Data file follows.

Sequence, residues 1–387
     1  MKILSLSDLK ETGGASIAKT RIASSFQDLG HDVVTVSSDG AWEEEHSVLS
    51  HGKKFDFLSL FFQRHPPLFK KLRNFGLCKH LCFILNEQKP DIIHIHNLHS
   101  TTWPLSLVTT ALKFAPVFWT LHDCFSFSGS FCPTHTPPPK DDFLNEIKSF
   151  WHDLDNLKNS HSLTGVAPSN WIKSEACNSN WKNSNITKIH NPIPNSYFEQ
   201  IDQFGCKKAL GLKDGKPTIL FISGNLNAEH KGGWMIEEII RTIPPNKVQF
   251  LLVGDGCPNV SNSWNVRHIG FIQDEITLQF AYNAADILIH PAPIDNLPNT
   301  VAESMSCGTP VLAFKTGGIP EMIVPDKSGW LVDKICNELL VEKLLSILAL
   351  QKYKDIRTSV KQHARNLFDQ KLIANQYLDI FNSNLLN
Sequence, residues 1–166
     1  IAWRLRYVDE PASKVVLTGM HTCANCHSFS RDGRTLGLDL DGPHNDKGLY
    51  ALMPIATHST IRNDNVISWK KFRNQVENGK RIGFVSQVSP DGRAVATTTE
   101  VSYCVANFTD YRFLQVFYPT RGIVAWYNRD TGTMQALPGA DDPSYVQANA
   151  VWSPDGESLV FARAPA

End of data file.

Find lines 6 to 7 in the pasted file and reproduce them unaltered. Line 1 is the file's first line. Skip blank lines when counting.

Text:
   201  IDQFGCKKAL GLKDGKPTIL FISGNLNAEH KGGWMIEEII RTIPPNKVQF
   251  LLVGDGCPNV SNSWNVRHIG FIQDEITLQF AYNAADILIH PAPIDNLPNT